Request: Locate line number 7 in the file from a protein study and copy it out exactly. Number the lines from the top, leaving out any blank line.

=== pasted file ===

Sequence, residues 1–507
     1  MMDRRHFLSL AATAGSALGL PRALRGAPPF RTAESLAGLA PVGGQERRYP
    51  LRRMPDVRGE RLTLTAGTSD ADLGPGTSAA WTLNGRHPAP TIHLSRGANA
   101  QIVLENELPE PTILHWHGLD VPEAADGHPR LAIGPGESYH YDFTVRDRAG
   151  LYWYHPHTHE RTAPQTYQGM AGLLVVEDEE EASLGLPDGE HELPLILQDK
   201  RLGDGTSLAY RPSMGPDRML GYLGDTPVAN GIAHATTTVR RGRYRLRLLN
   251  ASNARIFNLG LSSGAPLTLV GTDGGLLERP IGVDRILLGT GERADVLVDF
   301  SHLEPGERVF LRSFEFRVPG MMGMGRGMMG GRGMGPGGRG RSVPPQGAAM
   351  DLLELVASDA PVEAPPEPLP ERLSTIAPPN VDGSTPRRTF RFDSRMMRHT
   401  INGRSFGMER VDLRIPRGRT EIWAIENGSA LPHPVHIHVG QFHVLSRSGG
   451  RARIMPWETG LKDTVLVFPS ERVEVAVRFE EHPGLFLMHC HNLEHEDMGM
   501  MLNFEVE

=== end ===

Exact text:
   251  ASNARIFNLG LSSGAPLTLV GTDGGLLERP IGVDRILLGT GERADVLVDF